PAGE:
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On a mission: Jogging across the US in name of veterans

Joe Clark Photography

Albie Masland is running from L.A. to Washington, D.C.

He had never run in a marathon before. He had never even completed a 5K. But it was always in the back of Albie Masland’s mind to run across the country.

Disenchanted with law school and driven by a hunger to thank America’s veterans, the 28-year-old Pennsylvania native began the 2,900-mile journey across the United States with a mission. The run is called “Operation Amerithon,” which Masland launched along with Bullets2Bandages, an accessories and apparel maker. Together, they’ve raised more than $28,500 for the Travis Manion Foundation, which helps veterans and the families of fallen service members.


Last October, Masland found himself at a transition point.

“I found myself thinking about the news of the time,” he said, referring to American troops returning home from overseas. “I started thinking (about) the transition from combat to civilian life.”

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While not a veteran himself, Masland wanted to “channel all this energy spent running, to have a positive impact for others.” Which is why he began the long trek on March 17, from just south of Los Angeles in Dana Point, Calif. His run is slated to end in Washington, D.C., on August 18.

“I have a lot of respect for the people that serve and are courageous in battle. I can’t imagine,” he said.

That’s something that hits close to home for Bullets2Bandages co-founders Erik Spalding and Cole Evans, who both served as Naval Explosive Ordnance Disposal officers. The two also graduated the Naval Academy in 2004, at the same time as Manion — who was killed in 2007 while serving for the Marines in Iraq.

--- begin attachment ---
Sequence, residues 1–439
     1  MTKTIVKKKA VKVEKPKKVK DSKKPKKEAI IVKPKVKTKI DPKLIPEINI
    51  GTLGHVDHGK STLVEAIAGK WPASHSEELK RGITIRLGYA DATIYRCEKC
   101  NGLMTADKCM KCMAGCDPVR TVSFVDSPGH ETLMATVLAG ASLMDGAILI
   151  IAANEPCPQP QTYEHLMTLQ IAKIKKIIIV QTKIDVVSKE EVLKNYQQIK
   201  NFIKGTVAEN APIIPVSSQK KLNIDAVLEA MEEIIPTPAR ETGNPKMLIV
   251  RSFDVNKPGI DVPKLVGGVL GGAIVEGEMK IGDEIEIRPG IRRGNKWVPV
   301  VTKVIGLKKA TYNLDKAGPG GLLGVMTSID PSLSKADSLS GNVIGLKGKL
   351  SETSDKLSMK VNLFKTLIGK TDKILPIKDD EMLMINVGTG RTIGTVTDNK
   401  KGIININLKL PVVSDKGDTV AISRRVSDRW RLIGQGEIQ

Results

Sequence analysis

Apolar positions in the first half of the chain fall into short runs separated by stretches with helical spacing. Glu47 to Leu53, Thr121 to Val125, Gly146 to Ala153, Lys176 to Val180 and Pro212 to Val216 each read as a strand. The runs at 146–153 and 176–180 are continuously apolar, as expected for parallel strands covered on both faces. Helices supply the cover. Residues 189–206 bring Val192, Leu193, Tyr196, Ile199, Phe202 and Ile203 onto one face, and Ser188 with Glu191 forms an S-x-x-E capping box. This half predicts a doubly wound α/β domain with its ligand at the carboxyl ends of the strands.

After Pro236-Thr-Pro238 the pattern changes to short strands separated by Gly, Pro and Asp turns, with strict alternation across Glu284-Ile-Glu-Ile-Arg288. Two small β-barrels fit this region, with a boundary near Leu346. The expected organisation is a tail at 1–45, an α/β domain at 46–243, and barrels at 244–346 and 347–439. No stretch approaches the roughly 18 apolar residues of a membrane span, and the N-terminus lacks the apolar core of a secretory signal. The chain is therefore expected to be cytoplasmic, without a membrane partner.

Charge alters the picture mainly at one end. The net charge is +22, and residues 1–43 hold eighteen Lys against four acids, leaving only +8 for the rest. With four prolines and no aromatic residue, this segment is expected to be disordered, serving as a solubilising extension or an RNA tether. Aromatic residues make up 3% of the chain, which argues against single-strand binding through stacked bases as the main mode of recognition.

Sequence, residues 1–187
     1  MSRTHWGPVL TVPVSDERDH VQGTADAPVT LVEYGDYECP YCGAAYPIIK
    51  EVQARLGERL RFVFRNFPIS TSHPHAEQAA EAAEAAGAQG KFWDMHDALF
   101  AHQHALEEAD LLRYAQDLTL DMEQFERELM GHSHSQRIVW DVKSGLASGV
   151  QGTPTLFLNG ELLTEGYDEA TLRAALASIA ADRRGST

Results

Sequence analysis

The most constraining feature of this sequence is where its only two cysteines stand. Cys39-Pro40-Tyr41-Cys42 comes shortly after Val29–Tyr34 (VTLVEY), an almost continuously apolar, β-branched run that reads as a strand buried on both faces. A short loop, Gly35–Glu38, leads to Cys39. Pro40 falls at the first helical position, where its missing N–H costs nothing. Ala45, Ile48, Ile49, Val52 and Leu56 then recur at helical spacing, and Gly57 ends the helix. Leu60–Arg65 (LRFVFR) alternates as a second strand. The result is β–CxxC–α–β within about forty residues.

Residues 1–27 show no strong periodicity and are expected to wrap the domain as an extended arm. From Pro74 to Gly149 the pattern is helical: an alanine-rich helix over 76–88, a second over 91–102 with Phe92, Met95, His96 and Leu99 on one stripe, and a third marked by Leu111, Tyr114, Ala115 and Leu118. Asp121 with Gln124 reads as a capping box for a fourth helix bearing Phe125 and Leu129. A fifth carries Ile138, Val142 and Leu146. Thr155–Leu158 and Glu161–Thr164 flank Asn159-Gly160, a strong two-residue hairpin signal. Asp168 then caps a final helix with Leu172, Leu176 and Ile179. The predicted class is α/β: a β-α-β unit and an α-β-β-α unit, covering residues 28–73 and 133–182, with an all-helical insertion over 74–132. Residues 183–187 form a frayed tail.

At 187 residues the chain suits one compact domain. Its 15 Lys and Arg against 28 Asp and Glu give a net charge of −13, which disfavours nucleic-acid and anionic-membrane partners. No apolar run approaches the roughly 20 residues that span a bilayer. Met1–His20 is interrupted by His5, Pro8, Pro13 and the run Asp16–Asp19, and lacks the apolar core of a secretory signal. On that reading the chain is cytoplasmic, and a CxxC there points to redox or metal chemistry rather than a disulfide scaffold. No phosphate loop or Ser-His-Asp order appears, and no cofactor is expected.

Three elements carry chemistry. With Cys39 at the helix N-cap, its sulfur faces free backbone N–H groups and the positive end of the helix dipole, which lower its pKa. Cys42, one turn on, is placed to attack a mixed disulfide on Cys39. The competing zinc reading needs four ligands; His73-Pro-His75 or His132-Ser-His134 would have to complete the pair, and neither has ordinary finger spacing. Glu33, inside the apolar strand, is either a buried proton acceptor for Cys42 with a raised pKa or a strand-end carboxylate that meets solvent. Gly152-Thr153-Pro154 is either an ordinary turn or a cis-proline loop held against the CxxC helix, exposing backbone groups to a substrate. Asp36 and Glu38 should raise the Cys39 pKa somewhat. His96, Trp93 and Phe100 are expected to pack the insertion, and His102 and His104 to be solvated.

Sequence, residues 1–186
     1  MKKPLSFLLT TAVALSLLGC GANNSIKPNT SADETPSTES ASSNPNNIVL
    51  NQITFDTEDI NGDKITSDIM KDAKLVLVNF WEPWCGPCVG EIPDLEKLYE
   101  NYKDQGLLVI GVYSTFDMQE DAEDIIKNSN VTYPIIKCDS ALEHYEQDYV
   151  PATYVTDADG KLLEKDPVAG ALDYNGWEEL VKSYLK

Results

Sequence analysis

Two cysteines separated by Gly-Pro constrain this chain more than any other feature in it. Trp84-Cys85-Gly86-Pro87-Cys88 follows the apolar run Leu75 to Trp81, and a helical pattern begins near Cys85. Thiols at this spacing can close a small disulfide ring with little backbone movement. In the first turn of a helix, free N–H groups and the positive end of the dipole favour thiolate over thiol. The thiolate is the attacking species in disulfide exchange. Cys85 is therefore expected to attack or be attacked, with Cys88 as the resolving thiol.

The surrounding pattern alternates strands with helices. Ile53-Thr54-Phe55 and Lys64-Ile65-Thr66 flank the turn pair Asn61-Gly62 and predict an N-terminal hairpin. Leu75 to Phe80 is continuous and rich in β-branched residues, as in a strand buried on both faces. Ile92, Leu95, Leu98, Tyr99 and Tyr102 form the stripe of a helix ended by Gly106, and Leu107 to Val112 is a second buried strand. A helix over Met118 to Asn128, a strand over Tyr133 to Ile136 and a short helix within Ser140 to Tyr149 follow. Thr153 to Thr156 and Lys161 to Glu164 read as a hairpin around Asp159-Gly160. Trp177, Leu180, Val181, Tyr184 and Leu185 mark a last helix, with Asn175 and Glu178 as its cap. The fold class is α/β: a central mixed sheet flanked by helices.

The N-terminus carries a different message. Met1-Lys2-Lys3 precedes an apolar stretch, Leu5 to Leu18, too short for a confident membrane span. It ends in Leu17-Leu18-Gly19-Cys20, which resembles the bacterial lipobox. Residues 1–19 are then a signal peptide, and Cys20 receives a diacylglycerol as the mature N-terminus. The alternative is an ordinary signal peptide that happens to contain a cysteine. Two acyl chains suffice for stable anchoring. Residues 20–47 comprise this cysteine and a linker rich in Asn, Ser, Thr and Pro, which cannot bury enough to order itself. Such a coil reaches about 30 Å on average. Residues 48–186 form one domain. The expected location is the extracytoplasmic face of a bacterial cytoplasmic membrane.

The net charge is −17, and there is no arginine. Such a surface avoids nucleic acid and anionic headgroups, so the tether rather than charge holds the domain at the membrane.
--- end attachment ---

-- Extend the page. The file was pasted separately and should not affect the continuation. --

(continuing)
Coming out of the military, Spalding found it only natural to merge his entrepreneurial interests with a public service role, and Bullets2Bandages was born. This San Diego-based company takes once-fired bullets and transforms them into jewelry. It's a sort of socially-charged fashion statement, where proceeds are raised for veteran organizations. The company is supporting Masland’s run along the way by getting the word out.

At the end of the day, Spalding said, helping veterans reaccalimate to society is “not to take pity on them,” but rather “to bring to light that we’ve lived in a different world.”

“It’s not that people are looking for a handout,” Spalding said. “People want to go back and get jobs, get over being disabled.”

Cross-country on foot
Currently, Masland is near Irwin, Pa., and has already tallied more than 2,630 miles. His travel companions -- sister Hilary Masland and friend Alex Hyman -- are along for the journey in a car, meeting Masland every four miles on the road to give him water and food.

With record-breaking heat across much of the country this summer, they had to plan around the elements.

Around two or three in the afternoon, “it felt like the air had been marinating you,” Masland said, adding that he’d sometimes go through three shirts a day. To beat the temperatures, he started running at five in the morning.

At 26 miles a day, it’s no easy feat. But despite being “sore as hell,” he keeps it all in perspective through Manion’s story.

“When I’m feeling weak, I try to channel some energy from him,” he said.

He hopes this cross-country run raises awareness of veterans' issues, and he stays motivated by that larger goal.

“I think if I was just running across the country for me, I would probably still be in Illinois,” he said.

Along the way, the trio have tried to stop and interact with veterans. Masland says the reaction to what he’s doing is a surprised “wow” at first, but then always followed by appreciation and a thank you.

Masland is only about eight days away from his hometown of Carlisle, Pa., before he tackles the final 112-mile stretch to Washington D.C. A small celebration is being planned outside Arlington National Cemetery for the August 18 finale.

To track Albie Masland’s progress, visit www.operationamerithon.com.

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